Why is it necessary to practice every day?

to create an enjoyable learning environment.

Early Beginning

The early years are crucial for developing mental processes and muscle coordination. Listening to music should begin at birth; formal training may begin at age three or four, but it is never too late to begin.


Children learn words after hearing them spoken hundreds of times by others. Listening to music every day is important, especially listening to pieces in the Suzuki repertoire so the child knows them



Constant repetition is essential in learning to play an instrument. Children do not learn a word or piece of music and then discard it. They add it to their vocabulary or repertoire, gradually using it in new and more sophisticated ways.


As with language, the child’s effort to learn an instrument should be met with sincere praise and encouragement. Each child learns at his/her own rate, building on small steps so that each one can be mastered. Children are also encouraged to support each other’s efforts, fostering an attitude of generosity and cooperation.

Learning with Other Children

In addition to private lessons, children participate in regular group lessons and performance at which they learn from an are motivated by each other.

Graded Repertoire

Children do not practice exercises to learn to talk, but use language for its natural purpose of

communication and self-expression. Pieces in the Suzuki repertoire are designed to present technical problems to be learned in the context of the music rather than through dry technical exercises.

Delayed Reading

Children learn to read after their ability to talk has been well established. In the same way, children should develop basic technical competence on their instruments before being taught to read music.

Are Suzuki Kids Prodigies?


Memory is patterned and developed every day through constant repetition and positive reinforcement. Through observing the process in which children master their mother tongue, we see the necessity of repetition. A one year old child can speak only a few words but in only a few short years the same child can use his mother tongue fluently. It is an amazing amount of progress in a short period of time. Education, which does not bring about such success is a failure.

Children need to feel confident in their abilities and thoroughly master what they are learning.

This is the most important thing to keep students from giving up. At first, they learn a simple skill carefully and repeat it again and again. Only after they have learned it thoroughly and been able to perform it enough for them to move on to the next step, will a child feel it now

“easy”. The mother tongue approach can be used in other studies. Music is just one of the many fields that can benefit from the use of talent education. The concert performed by children is an example of how the approach can be used in music.

Are Suzuki students musical geniuses? Are they

‘gifted’ children who have a special talent for music?

Are their parents professional musicians?

Fortunately, Suzuki students are normal children whose parents may have little or no musical experience. Their parents have simply chosen to introduce them to music through the Suzuki approach, a unique philosophy of music education developed by Shin’ichi Suzuki.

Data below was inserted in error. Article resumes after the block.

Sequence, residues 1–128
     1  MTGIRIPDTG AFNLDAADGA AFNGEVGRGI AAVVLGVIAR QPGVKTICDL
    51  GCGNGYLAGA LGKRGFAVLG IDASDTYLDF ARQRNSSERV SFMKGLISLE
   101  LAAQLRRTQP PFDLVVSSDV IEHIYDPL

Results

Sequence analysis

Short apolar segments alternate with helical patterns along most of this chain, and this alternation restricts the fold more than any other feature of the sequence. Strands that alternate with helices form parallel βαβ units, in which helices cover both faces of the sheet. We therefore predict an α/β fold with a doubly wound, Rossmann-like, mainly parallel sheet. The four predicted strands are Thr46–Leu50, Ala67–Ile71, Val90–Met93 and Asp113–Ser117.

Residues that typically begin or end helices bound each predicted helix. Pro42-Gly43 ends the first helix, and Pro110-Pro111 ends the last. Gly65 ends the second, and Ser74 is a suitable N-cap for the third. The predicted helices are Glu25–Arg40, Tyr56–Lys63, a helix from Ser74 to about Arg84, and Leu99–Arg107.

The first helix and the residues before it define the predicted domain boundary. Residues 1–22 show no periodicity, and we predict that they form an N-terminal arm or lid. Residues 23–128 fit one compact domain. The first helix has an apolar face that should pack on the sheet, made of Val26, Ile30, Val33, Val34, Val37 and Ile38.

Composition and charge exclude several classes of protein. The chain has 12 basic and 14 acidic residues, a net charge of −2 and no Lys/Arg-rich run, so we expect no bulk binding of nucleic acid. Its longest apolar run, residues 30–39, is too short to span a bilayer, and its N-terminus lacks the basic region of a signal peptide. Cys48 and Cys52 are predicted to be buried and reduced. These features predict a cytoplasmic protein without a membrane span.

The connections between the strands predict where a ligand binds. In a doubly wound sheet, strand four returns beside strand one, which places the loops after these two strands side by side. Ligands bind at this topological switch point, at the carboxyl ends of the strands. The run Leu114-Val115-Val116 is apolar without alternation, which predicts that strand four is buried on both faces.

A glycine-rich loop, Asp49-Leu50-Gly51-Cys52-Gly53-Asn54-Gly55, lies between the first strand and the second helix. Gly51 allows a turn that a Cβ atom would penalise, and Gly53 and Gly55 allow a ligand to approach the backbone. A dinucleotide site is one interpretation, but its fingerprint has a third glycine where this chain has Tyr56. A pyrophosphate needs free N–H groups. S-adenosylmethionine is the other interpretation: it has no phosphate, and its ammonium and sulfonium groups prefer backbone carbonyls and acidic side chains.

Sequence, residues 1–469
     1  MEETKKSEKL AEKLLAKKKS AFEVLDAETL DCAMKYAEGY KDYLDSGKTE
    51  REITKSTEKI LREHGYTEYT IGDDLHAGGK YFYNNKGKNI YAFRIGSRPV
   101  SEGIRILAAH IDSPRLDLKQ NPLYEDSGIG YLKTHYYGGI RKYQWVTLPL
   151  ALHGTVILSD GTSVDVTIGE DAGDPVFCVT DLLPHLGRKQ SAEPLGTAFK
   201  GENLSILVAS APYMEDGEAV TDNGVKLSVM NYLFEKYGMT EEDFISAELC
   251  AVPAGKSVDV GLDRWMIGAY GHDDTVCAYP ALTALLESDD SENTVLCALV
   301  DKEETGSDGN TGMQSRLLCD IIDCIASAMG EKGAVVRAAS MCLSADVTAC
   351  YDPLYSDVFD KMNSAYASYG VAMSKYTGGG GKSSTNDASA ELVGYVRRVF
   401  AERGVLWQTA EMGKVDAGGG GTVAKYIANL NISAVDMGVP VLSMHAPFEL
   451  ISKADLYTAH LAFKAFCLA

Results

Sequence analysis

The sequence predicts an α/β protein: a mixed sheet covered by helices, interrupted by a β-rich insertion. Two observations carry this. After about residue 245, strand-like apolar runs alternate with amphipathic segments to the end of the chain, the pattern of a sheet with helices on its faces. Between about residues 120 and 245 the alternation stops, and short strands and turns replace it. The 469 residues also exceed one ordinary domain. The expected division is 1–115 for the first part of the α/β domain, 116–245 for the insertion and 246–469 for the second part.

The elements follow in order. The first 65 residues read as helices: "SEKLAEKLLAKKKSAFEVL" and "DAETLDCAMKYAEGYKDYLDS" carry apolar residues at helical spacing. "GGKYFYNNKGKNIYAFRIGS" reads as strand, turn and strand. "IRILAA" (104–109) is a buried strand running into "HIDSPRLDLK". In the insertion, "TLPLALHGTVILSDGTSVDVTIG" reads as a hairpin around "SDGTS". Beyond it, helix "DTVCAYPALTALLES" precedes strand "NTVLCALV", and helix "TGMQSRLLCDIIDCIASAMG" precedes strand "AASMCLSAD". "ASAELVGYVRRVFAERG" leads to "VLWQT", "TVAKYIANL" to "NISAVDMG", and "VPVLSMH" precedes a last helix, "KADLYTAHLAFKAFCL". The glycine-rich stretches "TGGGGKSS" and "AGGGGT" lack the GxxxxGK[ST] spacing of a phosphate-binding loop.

The Suzuki Legacy

Shin’ichi Suzuki was a violinist, educator, philosopher and humanitarian. Born in 1898, he studied violin in Japan for some years before going to Germany in the 1920s for further study. After the end of World War II, Dr. Suzuki devoted his life to the development of the method he calls Talent Education.

Suzuki based his approach on the belief that “Musical ability is not an inborn talent but an ability which can be developed. Any child who is properly trained can develop musical ability, just as all children develop the ability to speak their mother tongue. The potential of every child is unlimited.”

How does Talent Education differ from other methods of teaching music to children?

Thoughtful teachers have often used some of the elements listed here, but Suzuki has formulated them in a cohesive approach. Some basic differences are:

Suzuki teachers believe that musical ability can be developed in all children.

Students begin at young ages.

Parents play an active role in the learning process.

Children become comfortable with the instrument before learning to read music.

Technique is taught in the context of pieces rather than through dry technical exercises.

Pieces are refined through constant review.

Students perform frequently, individually and in groups.



American publications on the Suzuki Method have experienced several trends in the fifty-five years that the Suzuki Method has been present in the United States. These trends primarily reflect the growth and increasing establishment of the Suzuki Method as a prevalent music education method.

The first trend in Suzuki publishing in American featured explanations of the Suzuki Method, such as Suzuki’s collaborative work with Elizabeth Mills and Therese Cecile Murphy, The Suzuki Concept: An Introduction to a Successful Method for Early Music Education,23 and Evelyn Hermann’s Shin’ichi Suzuki: The Man and His Philosophy.24 English translations of Suzuki’s own explanations of his philosophy and methods, including Nurtured by Love, Ability Development from Age Zero, and Where Love Is Deep from the early 1980s.